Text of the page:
Union pride, Hawaii-style


AFT Local 1360

I look for the union label wherever I roam.

Check out the photo of the pickup truck I spotted on a recent trip to Honolulu for some research on my book about Kentuckians at Pearl Harbor on Dec. 7, 1941. (Yes, Melinda and I managed to squeeze in a little sightseeing and beach time.)

Right after I joined AFT 21 years ago, a veteran Kentucky union leader-- it might have been state Rep. J.R. Gray -- told me there are two kinds of trade unionists: "Union members and union people."

The former group just pays dues and doesn't go to union meetings, doesn't participate in union activities and doesn't necessarily vote for union-endorsed candidates--or doesn't vote at all.  

The latter group is at just about every meeting, gets involved in the union and volunteers and votes for endorsed candidates. They also show their union pride.

No doubt, the pickup's owner is "union people." I wish I could have met him or her, but we were on the way to the U.S. Army Museum of Hawaii and pressed for time. Anyway, he or she is proof that "solidarity," that old union byword, is alive and well in the Aloha State.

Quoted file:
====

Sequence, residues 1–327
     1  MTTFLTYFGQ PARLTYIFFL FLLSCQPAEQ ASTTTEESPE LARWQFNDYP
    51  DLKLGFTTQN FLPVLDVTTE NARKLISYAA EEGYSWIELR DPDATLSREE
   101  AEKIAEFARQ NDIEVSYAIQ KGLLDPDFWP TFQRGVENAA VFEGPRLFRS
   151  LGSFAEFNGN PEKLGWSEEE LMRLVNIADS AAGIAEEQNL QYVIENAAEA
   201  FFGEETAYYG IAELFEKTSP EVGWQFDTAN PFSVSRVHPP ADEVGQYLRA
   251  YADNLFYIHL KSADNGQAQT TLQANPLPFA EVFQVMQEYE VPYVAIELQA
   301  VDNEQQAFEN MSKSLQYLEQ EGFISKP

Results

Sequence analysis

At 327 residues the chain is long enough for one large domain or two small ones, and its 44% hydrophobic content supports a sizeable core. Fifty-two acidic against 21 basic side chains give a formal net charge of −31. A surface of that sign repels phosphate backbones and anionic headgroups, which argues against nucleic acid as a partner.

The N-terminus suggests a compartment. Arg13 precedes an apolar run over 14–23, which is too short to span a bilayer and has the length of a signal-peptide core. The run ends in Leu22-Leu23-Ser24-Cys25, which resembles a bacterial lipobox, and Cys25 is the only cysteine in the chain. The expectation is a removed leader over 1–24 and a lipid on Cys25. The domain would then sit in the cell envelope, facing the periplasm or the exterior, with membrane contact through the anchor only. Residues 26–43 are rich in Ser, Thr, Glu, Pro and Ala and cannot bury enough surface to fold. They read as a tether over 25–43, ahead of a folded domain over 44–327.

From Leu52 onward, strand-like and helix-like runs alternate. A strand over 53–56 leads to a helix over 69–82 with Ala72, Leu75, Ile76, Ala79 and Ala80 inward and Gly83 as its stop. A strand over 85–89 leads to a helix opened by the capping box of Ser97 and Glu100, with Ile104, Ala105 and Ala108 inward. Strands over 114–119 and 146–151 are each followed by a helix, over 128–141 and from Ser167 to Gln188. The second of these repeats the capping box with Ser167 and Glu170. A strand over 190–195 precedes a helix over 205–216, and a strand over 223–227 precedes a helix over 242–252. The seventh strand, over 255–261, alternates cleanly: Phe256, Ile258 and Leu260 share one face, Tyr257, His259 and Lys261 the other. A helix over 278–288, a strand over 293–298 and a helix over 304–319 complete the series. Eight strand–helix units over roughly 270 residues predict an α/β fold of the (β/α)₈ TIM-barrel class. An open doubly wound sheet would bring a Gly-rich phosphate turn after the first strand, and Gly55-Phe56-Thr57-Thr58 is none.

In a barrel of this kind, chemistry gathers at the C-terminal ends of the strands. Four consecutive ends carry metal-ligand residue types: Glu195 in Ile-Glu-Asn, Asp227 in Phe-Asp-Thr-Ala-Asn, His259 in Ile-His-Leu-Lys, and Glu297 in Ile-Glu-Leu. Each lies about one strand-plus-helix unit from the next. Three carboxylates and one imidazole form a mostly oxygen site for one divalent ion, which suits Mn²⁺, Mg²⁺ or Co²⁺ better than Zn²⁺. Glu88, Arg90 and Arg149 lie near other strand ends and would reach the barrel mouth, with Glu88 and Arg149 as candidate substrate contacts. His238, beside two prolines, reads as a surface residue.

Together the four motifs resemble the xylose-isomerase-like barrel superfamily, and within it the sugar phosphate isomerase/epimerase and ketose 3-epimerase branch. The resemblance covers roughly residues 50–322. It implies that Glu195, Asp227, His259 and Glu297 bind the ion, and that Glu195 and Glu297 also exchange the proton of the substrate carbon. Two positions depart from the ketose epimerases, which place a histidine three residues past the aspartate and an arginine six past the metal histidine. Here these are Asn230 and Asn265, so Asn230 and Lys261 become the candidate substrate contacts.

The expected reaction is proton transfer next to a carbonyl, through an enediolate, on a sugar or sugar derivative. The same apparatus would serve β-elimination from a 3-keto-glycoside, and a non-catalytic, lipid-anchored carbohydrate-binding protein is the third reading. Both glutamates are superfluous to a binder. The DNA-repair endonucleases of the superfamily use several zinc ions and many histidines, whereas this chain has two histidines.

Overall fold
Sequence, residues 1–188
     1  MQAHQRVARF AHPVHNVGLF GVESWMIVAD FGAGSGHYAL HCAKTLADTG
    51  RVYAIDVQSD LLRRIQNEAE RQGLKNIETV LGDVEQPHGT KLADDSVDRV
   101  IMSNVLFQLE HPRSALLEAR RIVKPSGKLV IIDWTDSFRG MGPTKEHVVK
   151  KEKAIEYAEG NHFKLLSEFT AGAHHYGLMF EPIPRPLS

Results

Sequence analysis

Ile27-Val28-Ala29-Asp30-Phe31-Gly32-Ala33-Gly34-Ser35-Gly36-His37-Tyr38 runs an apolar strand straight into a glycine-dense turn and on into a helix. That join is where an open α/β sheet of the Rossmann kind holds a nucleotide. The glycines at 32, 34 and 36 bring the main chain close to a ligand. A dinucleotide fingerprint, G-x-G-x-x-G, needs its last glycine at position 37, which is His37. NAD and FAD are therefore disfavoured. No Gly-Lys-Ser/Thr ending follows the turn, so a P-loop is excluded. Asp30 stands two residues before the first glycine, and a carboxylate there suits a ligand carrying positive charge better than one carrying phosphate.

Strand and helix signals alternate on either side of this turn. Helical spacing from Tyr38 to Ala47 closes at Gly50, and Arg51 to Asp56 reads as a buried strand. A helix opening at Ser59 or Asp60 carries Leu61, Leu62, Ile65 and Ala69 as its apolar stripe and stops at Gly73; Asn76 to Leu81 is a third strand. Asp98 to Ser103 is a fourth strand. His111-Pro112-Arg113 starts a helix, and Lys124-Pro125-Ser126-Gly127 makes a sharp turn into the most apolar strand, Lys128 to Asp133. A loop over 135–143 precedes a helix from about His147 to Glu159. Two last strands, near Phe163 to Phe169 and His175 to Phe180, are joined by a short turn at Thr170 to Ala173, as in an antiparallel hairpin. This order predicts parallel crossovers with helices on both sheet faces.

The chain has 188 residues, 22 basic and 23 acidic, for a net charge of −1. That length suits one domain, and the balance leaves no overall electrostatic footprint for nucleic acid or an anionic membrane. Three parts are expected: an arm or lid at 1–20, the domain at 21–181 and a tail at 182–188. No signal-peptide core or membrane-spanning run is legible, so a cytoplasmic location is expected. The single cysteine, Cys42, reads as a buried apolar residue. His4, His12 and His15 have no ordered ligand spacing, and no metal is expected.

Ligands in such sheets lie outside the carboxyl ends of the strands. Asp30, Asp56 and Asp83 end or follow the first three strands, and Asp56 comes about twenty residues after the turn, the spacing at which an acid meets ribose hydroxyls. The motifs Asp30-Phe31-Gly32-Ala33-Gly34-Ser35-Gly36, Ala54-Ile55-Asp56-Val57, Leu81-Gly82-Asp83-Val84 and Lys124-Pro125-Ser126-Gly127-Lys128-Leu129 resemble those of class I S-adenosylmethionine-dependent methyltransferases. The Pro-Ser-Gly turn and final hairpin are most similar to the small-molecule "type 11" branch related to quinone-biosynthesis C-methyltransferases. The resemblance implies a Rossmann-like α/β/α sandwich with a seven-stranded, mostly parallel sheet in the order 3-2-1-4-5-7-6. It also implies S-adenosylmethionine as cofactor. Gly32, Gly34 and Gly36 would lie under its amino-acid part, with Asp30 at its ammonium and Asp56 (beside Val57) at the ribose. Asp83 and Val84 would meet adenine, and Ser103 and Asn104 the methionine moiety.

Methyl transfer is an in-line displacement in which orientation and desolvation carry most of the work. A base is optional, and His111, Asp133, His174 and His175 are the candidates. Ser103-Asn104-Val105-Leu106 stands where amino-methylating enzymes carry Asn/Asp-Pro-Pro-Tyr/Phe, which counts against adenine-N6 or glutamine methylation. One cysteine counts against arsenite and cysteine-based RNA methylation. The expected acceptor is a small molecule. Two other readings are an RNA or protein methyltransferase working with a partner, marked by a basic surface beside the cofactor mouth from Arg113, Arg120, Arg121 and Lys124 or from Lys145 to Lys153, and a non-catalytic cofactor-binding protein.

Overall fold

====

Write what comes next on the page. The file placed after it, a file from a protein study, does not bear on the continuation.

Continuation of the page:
I'd bet next month's Social Security check that hogs will fly before Hawaii follows Kentucky into the "right to work" column. 

I can't imagine a bluer Blue State than Hawaii. The governor is a Democrat. The Democrats enjoy a 24-1 edge in the state Senate and a 46-5 House majority. 

In addition, Hawaii's two senators and two members of Congress are Democrats. They are among organized labor's best friends in Washington. 

Rep. Tulsi Gabbard has voted the union position on legislation 96 percent of the time she's been in Congress. Rep. Colleen Hanabusa's career score is 97. Sen. Mazie Hirono is a 99 and Sen. Brian Schatz notches a perfect 100. 

In the 2016 presidential election, Hillary Clinton carried all four Hawaii counties and collected 62.3 percent of the vote. 

So it's not surprising--at least to me--that union membership is growing in the 50th state. Last year, 23.1 percent of Hawaiian wage and salary workers belonged to unions, compared to 21.3 percent in 2017, according to the federal Bureau of Labor Statistics. (The nationwide percentage was 10.5 last year, down 0.2  from 2017.) 

Besides "Aloha State," "Paradise" is a famous nickname for Hawaii, mainly because of the islands' summer-year-round climate, beautiful flora, fauna, mountains and beaches, generally laid-back lifestyle, mouth-watering food--"grindz"--and well-nigh universally friendly inhabitants.   

But "Paradise" is also an apt handle for Hawaii if you pack a union card and lean toward the Democratic party.